Top international routes in China and India. Shanghai Pudong and Delhi dominate
Shanghai Pudong Airport is China's leading international hub, reflecting its role as China's economic capital. Pudong has roughly 550,000 international seats per week, ranking it 22nd globally at present. Beijing Capital, with 470,000 international seats per week, ranks 27th globally, while Guangzhou (181,519 seats) is down in 85th place. Delhi has meanwhile become India's leading international gateway, with some 292,000 seats per week (ranking it 50th), ahead of Mumbai at just under 240,000 seats, ranking 63rd. But Dubai features heavily in the top 20 routes to/from India.
Shanghai Pudong Airport features in half of China's top 20 international city pairs. The biggest route to/from China is unsurprisingly Pudong-Hong Kong (which is technically a 'regional route'), followed by Beijing-Hong Kong. Routes from Pudong to leading Asian gateways Tokyo Narita, Seoul Incheon, Singapore and Osaka make up the next four places. Beijing-Seoul Incheon is seventh, though capacity reductions over the winter will see it drop to 11th place, according to CAPA's Routes Rankings Tool.
Pudong-Taipei, Beijing-Narita and Guangzhou-Bangkok round out the top 10. Indeed, Guangzhou features only once in the top 20, as do Qingdao and Xiamen. Only three routes outside Asia feature in the top 20: Pudong-Frankfurt (14th), Pudong-Paris (19th) and Beijing-Frankfurt (20th).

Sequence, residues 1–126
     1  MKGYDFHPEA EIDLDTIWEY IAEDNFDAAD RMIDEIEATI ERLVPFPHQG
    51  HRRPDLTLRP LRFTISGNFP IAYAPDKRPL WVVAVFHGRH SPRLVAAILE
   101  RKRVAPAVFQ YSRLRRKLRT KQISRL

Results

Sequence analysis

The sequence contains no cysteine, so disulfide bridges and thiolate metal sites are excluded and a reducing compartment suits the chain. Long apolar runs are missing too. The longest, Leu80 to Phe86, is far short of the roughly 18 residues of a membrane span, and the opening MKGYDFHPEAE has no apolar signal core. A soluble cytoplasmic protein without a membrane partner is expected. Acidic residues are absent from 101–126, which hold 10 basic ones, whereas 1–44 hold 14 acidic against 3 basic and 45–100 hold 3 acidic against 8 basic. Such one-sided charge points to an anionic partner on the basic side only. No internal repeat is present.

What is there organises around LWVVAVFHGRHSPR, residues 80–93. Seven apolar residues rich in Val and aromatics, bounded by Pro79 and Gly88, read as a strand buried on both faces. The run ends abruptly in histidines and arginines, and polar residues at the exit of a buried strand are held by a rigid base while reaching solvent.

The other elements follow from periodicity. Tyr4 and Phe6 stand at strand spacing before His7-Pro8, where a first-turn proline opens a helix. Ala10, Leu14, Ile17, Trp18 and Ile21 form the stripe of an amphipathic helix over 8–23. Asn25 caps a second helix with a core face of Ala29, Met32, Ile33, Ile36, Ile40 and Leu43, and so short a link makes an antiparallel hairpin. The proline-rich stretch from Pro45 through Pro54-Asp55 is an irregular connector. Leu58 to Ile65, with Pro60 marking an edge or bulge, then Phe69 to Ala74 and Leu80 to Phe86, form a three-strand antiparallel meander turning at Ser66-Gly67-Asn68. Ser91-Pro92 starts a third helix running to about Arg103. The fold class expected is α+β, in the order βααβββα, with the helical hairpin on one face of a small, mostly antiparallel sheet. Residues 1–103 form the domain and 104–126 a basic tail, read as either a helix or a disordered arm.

China's Top 20 international routes by seats (per week): 13-Sep-2011 vs 16-Jan-2012
Delhi had edged out Mumbai to be India's leading international gateway by seats per week. Both cities feature six times in the top 20 routes list. Interestingly, Dubai features seven times, with routes to Mumbai and Delhi heading the list, followed by Chennai and Hyderbad in 11th and 12th places, respectively. Dubai's weekly seating capacity to Bengaluru, Kozhikode, Kochi also make it into the top 20 list.
India’s Comptroller and Auditor General (CAG), in a damning report on Air India (AI) tabled in parliament last week stated the liberalisation of the bilateral air traffic entitlements with other countries "did not provide a level playing field to Air India (and to a lesser extent other Indian private airlines)". CAG stated the "massive increase" in bilateral air traffic rights to Gulf nations occurred despite Air India's "strong reservations" as this was the carrier's most profitable international sector. "Clearly, the Gulf sector was AI/Indian Airlines' most profitable international segment before the liberalised policy on bilateral entitlements. AI repeatedly expressed strong reservations to the Ministry against the proposals/requests from Gulf countries for an increase in seat entitlements as well as additional points of call at interior locations in India," the report said, adding the grant of bilaterals demonstrated "the one-sided nature of benefits to Emirates/Dubai".
The report continued: "These (bilateral) agreements, besides not affording adequate time to AI/IA to set their houses in order and gear up for a highly-competitive environment, very evidently worked to the detriment of the national and Indian private carriers," the CAG said. "At this stage, Indian carriers (including AI) will have to tackle renewed and serious challenges to compete effectively with established international 'mega carriers'.”
India's Top 20 international routes by seats (per week): 13-Sep-2011 vs 16-Jan-2012